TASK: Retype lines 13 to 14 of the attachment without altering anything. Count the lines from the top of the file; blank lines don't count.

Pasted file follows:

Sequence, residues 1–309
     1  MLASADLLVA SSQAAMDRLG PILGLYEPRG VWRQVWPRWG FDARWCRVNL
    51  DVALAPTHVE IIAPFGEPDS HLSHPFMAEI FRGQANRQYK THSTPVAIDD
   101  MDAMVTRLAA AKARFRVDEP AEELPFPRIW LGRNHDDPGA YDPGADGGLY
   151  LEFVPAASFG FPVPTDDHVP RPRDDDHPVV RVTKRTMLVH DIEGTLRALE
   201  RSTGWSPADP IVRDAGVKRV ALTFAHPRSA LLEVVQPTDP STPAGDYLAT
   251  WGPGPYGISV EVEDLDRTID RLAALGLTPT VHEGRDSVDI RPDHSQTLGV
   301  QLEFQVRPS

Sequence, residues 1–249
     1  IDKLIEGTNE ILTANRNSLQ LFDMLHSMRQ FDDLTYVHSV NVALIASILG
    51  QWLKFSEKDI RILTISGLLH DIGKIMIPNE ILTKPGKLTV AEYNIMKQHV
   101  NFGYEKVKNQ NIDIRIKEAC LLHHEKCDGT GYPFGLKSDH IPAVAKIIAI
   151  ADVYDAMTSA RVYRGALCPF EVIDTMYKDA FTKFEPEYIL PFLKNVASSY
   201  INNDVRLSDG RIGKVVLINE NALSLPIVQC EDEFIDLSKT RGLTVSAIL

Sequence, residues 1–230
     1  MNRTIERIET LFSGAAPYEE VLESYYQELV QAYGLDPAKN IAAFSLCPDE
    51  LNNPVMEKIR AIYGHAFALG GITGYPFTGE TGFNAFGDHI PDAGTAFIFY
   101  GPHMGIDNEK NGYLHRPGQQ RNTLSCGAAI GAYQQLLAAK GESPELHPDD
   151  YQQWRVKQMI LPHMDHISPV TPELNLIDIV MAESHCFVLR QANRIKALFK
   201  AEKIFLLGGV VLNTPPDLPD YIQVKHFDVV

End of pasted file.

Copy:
   151  ADVYDAMTSA RVYRGALCPF EVIDTMYKDA FTKFEPEYIL PFLKNVASSY
   201  INNDVRLSDG RIGKVVLINE NALSLPIVQC EDEFIDLSKT RGLTVSAIL